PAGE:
Leaders in Worksop praise the impact on the regional economy of the A57
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This year marks 100 years since the first A-roads were numbered in the UK and they have played a major role in helping economic growth across the country.
Worksop College has a cohort of around 450 pupils, many of whom travel along the A57 each day. With a transport network covering five counties, and families commuting to bring their children into Worksop, the college’s community relies heavily on the A57.
Dr John Price, Headmaster of Worksop College said: “We are grateful that the school is accessible to so many different areas – from Sheffield to Mansfield, our transport links and the surrounding road networks have opened so many doors of opportunity.”
Seven out of the eleven bus routes use the A57 every day. Some only briefly, such as the Mansfield bus that just goes to the first junction at St Annes and then turns towards Mansfield on the A60. Others use it in the opposite direction to get to the A1 at five lane ends, and the Rotherham and Eckington bus use it all the way to the M1 at Aston.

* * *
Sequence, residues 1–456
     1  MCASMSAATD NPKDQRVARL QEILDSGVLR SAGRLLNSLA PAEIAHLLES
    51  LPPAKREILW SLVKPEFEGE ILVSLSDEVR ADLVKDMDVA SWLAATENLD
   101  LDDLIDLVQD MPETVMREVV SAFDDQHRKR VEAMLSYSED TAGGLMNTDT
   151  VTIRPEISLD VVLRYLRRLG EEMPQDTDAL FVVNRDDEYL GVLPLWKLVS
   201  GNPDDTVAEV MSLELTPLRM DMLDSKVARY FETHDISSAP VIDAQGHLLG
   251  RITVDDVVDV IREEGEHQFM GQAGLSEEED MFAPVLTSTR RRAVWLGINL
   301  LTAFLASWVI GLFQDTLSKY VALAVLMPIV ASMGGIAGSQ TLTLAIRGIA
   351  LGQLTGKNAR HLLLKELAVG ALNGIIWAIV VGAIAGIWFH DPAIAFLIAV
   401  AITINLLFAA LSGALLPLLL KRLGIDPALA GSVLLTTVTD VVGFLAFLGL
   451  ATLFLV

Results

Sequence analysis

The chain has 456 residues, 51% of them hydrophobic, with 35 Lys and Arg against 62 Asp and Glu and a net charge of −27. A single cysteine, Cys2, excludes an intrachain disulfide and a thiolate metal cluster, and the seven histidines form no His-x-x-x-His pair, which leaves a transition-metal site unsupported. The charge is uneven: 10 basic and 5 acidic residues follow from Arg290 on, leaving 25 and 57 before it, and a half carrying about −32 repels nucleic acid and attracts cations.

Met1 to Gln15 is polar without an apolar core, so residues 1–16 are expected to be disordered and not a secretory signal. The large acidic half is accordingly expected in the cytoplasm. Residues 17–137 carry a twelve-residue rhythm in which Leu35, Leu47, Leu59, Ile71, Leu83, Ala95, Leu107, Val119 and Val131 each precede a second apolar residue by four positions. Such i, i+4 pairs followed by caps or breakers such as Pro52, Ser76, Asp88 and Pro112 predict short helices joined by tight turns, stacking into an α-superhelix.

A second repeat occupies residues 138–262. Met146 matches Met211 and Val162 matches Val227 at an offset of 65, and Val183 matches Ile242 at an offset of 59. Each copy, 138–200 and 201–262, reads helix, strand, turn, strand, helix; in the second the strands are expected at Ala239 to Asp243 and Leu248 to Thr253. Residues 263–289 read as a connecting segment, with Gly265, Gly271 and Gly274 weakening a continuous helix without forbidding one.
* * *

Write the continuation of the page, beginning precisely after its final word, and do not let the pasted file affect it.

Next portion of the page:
Many parents at Worksop College are business owners, CEOs, entrepreneurs – lots of them travelling along the A57 into the Bassetlaw area daily. In doing so, families are exposed to Worksop’s local businesses – from cafes to supermarkets, hairdressers to restaurants.
National Highways recently teamed up with the National Trust to celebrate the ‘staycation’ which co-incides with a year-long celebration of the road numbering system.
Those heading off on their travels have been asked to share images or videos of themselves enjoying a summer holiday using the hashtag #Aroadtosummer on social channels to be in with a chance of winning prizes from the National Trust. The competition ends on September 10.